September 11 commemorates the Twin Towers. Like Vietnam era veteran George Yamada, exposed to Agent Orange, Twin Towers first responders also suffered health effects as a result of their service to our country.
George Yamada and his wife Dawn are engaged in a battle they never expected. George is 71 years old, a Vietnam Army veteran, 70% disabled from Agent Orange. Veterans exposed to Agent Orange experience diabetes, kidney disease and other health risks.
Mr. Yamada invested over $100,000 in a timeshare, losing about $50,000, then forced to default on the balance. He purchased timeshare points he believed to be an investment.
According to the Federal Trade Commission:
all fraud reports in 2017, among military consumers, median losses were (44%) higher
than the general population.
Travel, vacation, and timeshare frauds were the most costly with people losing a median amount of $1,710.
Since I started writing articles about timeshare fraud, the industry now over $9 billion a year, I have heard from 73 veterans and active duty service members alleging unfair and deceptive timeshare business practices.
Timeshare exit companies often promise a money back guarantee if the timeshare buyer is not released from their timeshare contract. Not all exit companies are a scam, but any company not living up to their money back guarantee is in violation of Section 5 of the Federal Trade Commission's "Unfair and Deceptive Trade practices."
The timeshare exit company's money back guarantee should be read carefully, as three words like "or in process" can made a big difference. This guarantee from the timeshare exit company:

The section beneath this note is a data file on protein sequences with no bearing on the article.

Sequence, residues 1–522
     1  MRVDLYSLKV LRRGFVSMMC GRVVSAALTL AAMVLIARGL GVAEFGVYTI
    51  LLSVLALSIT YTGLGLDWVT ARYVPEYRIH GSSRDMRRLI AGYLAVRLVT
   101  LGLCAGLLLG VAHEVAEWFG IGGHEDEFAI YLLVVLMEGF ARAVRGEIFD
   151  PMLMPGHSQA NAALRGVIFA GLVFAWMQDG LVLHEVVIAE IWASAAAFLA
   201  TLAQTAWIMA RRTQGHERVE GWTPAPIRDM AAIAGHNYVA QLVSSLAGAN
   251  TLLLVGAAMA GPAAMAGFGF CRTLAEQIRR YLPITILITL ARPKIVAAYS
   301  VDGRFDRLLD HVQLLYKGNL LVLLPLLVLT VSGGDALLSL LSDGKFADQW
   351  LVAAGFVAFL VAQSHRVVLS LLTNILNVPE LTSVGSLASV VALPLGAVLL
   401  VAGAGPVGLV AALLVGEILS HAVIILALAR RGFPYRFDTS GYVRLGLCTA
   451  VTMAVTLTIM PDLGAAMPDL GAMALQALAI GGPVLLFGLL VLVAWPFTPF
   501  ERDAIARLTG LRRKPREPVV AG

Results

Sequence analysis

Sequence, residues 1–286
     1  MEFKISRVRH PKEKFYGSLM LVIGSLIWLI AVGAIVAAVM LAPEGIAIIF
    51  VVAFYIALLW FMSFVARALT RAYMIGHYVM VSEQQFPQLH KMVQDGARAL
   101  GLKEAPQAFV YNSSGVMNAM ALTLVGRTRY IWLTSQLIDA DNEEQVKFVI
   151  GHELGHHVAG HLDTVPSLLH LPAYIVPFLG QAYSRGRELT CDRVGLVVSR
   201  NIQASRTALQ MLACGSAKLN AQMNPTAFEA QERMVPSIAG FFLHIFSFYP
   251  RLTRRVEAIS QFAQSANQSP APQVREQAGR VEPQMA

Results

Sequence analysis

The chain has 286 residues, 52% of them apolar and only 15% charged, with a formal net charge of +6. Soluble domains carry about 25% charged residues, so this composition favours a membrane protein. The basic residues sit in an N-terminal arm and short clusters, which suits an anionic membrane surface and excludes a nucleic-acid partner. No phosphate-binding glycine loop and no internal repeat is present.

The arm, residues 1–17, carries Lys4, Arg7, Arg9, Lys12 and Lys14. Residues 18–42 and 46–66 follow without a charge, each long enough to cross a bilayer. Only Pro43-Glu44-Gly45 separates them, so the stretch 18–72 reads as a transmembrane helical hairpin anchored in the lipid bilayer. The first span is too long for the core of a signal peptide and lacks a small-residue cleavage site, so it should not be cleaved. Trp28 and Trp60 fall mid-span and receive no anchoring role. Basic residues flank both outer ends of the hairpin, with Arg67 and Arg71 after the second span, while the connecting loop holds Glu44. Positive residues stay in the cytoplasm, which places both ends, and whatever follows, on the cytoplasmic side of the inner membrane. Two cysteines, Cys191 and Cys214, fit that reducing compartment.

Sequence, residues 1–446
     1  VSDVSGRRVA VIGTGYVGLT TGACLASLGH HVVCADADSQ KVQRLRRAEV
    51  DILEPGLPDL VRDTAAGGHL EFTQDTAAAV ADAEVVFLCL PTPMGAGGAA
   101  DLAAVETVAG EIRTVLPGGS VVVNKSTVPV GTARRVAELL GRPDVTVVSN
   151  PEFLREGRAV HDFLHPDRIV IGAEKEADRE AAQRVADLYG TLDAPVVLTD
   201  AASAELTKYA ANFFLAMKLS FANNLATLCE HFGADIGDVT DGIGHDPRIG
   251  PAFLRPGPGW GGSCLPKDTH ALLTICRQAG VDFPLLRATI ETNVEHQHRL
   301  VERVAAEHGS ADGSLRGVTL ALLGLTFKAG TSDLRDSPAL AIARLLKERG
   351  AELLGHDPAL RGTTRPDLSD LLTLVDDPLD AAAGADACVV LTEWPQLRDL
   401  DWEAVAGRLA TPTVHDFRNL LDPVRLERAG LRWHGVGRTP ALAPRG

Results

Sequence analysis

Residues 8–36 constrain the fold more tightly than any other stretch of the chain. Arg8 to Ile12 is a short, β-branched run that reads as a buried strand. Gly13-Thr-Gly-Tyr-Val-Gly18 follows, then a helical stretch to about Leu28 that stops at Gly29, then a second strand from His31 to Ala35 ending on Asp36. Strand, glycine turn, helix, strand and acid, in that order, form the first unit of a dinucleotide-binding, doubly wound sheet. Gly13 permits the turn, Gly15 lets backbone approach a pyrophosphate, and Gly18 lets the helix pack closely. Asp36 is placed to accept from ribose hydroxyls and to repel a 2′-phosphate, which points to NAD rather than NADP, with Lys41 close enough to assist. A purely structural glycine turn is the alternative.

All Paid in Full Timeshare Cancellations are Guaranteed to be Transferred or In Process within ONE YEAR or Your Money Back !*
Although Mr. Yamda's timeshare was not paid in full, he is adamant the company provided him this guarantee, even with an outstanding loan. The timeshare company ultimately issued George a notice of default. A default is not a transfer.
George purchased over $100,000 timeshare points as an investment. He learned the points are worthless. He contacted the timeshare exit company December 2017 and paid them $6,000 to get out of the contract. They said it should take four to six months. In April of 2018 he was told it could take a year.
At his last purchase October 10, 2017, the timeshare sales agent wrote $3.49 on a sheet of paper and then showed him the current price at $9 per point. He said that the points previously purchased had gone up so could not purchase at the previous price. As a pension administrator, Mr. Yamada understood investments.
He purchased 20,000 additional points for $58,000.